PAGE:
OBJECTIVES: This study was conducted in order to evaluate the effect of geometric distortion (GD) on MRI lung volume quantification and evaluate available manual, semi-automated, and fully automated methods for lung segmentation. METHODS: A phantom was scanned with MRI and CT. GD was quantified as the difference in phantom's volume between MRI and CT, with CT as gold standard. Dice scores were used to measure overlap in shapes. Furthermore, 11 subjects from a prospective population-based cohort study each underwent four chest MRI acquisitions. The resulting 44 MRI scans with 2D and 3D Gradwarp were used to test five segmentation methods. Intraclass correlation coefficient, Bland-Altman plots, Wilcoxon, Mann-Whitney U, and paired t tests were used for statistics. RESULTS: Using phantoms, volume differences between CT and MRI varied according to MRI positions and 2D and 3D Gradwarp correction. With the phantom located at the isocenter, MRI overestimated the volume relative to CT by 5.56 ± 1.16 to 6.99 ± 0.22% with body and torso coils, respectively. Higher Dice scores and smaller intraobject differences were found for 3D Gradwarp MR images. In subjects, semi-automated and fully automated segmentation tools showed high agreement with manual segmentations (ICC = 0.971-0.993 for end-inspiratory scans; ICC = 0.992-0.995 for end-expiratory scans). Manual segmentation time per scan was approximately 3-4 h and 2-3 min for fully automated methods. CONCLUSIONS: Volume overestimation of MRI due to GD can be quantified. Semi-automated and fully automated segmentation methods allow accurate, reproducible, and fast lung volume quantification. Chest MRI can be a valid radiation-free imaging modality for lung segmentation and volume quantification in large cohort studies. KEY POINTS: • Geometric distortion varies according to MRI setting and patient positioning. • Automated segmentation methods allow fast and accurate lung volume quantification. • MRI is a valid radiation-free alternative to CT for quantitative data analysis.
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  • Journal Article

    Activity Correlations between Direction-Selective Retinal Ganglion Cells Synergistically Enhance Motion Decoding from Complex Visual Scenes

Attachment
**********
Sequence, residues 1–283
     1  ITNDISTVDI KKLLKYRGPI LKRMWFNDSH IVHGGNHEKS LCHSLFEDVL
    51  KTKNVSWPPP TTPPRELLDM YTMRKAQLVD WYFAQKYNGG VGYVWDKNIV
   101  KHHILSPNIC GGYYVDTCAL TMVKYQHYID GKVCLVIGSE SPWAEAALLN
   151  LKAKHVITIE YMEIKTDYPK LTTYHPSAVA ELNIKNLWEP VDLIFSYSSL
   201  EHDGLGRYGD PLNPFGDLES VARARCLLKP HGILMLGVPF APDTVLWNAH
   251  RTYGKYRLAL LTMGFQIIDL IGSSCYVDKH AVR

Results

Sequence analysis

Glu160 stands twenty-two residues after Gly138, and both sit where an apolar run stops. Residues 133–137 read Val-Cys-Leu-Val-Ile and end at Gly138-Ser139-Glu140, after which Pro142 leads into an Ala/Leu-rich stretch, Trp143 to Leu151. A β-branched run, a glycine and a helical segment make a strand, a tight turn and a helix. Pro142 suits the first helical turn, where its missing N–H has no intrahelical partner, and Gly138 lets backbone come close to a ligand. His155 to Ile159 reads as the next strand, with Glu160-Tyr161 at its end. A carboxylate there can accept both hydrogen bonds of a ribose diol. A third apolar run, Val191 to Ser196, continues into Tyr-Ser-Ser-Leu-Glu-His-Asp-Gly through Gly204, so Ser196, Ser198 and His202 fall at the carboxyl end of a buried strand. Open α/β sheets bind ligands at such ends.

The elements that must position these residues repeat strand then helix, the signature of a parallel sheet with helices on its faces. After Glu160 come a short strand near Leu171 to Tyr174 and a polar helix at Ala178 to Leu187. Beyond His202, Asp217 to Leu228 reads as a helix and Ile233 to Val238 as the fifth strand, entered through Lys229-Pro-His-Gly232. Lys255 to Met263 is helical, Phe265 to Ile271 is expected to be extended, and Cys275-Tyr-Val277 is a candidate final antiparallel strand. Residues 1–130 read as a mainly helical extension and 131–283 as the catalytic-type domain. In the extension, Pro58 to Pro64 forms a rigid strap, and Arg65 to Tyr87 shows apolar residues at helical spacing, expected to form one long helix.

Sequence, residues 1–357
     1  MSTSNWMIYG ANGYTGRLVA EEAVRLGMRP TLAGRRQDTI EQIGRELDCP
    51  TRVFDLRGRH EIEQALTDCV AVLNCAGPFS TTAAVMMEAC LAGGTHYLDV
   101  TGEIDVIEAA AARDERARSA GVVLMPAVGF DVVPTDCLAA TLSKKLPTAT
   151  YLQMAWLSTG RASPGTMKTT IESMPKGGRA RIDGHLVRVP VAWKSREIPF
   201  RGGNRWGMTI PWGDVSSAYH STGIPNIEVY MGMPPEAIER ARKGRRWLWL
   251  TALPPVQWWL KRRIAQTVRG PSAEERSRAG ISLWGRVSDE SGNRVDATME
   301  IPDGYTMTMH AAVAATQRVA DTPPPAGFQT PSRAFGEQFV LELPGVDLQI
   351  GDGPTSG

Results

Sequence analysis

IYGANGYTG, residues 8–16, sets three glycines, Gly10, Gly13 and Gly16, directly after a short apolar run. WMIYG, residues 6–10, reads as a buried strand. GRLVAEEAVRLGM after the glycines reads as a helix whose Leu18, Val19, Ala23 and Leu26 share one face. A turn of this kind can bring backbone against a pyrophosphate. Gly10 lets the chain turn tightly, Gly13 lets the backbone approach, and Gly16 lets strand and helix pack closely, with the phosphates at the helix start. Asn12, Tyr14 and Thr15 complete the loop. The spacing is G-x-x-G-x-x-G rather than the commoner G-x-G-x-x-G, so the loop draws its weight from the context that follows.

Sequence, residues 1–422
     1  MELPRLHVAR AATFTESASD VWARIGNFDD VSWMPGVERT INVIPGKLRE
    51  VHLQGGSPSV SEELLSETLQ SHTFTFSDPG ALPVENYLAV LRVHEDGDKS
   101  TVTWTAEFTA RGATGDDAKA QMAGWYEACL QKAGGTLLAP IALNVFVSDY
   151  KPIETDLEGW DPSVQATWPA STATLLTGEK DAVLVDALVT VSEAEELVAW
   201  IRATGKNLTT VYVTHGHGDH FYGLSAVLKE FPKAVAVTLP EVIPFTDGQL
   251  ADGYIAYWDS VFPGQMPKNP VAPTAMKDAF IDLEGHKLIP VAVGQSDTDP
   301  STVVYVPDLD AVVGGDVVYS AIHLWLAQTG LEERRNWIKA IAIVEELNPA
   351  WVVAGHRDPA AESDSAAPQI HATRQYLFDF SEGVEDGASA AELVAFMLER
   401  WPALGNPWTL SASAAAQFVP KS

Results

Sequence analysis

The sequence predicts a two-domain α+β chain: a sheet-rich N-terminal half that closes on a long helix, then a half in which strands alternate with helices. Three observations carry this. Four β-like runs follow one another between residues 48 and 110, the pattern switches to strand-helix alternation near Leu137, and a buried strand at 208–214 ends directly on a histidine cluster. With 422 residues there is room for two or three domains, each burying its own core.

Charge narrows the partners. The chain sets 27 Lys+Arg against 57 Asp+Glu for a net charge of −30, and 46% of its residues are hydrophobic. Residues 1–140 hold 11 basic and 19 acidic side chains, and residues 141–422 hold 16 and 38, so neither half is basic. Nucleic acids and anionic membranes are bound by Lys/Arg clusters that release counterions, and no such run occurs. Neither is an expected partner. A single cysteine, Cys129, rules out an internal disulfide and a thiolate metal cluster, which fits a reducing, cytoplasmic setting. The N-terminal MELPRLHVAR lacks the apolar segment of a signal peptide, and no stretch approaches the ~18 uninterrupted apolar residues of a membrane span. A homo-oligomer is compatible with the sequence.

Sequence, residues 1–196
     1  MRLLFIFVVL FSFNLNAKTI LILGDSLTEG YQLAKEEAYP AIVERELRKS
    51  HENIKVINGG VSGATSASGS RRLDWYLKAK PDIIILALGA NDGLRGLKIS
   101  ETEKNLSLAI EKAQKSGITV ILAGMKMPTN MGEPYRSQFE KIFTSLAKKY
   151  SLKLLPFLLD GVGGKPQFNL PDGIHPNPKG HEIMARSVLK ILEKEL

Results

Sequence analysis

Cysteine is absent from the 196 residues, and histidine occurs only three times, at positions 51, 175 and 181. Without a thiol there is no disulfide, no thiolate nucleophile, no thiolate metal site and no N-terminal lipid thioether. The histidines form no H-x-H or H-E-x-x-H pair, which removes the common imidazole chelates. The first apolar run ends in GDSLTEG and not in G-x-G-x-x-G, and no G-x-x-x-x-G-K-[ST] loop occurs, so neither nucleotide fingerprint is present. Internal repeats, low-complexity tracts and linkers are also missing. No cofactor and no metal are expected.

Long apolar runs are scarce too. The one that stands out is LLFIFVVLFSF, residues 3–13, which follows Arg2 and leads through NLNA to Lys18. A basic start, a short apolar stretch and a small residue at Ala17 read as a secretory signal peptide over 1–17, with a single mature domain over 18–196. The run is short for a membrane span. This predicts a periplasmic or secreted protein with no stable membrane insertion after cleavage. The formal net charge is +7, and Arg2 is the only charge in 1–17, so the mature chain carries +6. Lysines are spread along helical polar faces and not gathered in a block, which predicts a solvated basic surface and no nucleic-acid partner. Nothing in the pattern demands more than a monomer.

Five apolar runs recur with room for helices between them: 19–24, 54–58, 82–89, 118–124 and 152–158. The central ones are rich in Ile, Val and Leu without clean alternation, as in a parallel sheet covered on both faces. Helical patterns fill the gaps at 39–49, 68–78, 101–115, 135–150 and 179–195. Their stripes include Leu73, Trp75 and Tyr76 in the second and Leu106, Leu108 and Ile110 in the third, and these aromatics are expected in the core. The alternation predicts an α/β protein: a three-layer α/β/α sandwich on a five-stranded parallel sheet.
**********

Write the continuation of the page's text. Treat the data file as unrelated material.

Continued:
Kühn, Norma Krystyna; Gollisch, Tim
    Neuron 2019; 101(5): Art. 976.e7
    Neurons in sensory systems are often tuned to particular stimulus features. During complex naturalistic stimulation, however, multiple features may simultaneously affect neuronal responses, which complicates the readout of individual features. To investigate feature representation under complex stimulation, we studied how direction-selective ganglion cells in salamander retina respond to texture motion where direction, velocity, and spatial pattern inside the receptive field continuously change. We found that the cells preserve their direction preference under this stimulation, yet their direction encoding becomes ambiguous due to simultaneous activation by luminance changes. The ambiguities can be resolved by considering populations of direction-selective cells with different preferred directions. This gives rise to synergistic motion decoding, yielding more information from the population than the summed information from single-cell responses. Strong positive response correlations between cells with different preferred directions amplify this synergy. Our results show how correlated population activity can enhance feature extraction in complex visual scenes.
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  • Journal Article

    Precisely measured protein lifetimes in the mouse brain reveal differences across tissues and subcellular fractions. 

    Fornasiero, Eugenio F.; Mandad, Sunit; Wildhagen, Hanna; Alevra, Mihai; Rammner, Burkhard; Keihani, Sarva; Opazo, Felipe; Urban, Inga; Ischebeck, Till; Sakib, M. Sadman; et al.
    Fard, Maryam K.Kirli, KorayCenteno, Tonatiuh PenaVidal, Ramon O.Rahman, Raza-UrBenito, EvaFischer, AndréDennerlein, SvenRehling, PeterFeussner, IvoBonn, StefanSimons, MikaelUrlaub, HenningRizzoli, Silvio O.
    Nature Communications 2018; 9(1): Art. 4230
    The turnover of brain proteins is critical for organism survival, and its perturbations are linked to pathology. Nevertheless, protein lifetimes have been difficult to obtain in vivo. They are readily measured in vitro by feeding cells with isotopically labeled amino acids, followed by mass spectrometry analyses. In vivo proteins are generated from at least two sources: labeled amino acids from the diet, and non-labeled amino acids from the degradation of pre-existing proteins. This renders measurements difficult. Here we solved this problem rigorously with a workflow that combines mouse in vivo isotopic labeling, mass spectrometry, and mathematical modeling. We also established several independent approaches to test and validate the results. This enabled us to measure the accurate lifetimes of ~3500 brain proteins. The high precision of our data provided a large set of biologically significant observations, including pathway-, organelle-, organ-, or cell-specific effects, along with a comprehensive catalog of extremely long-lived proteins (ELLPs).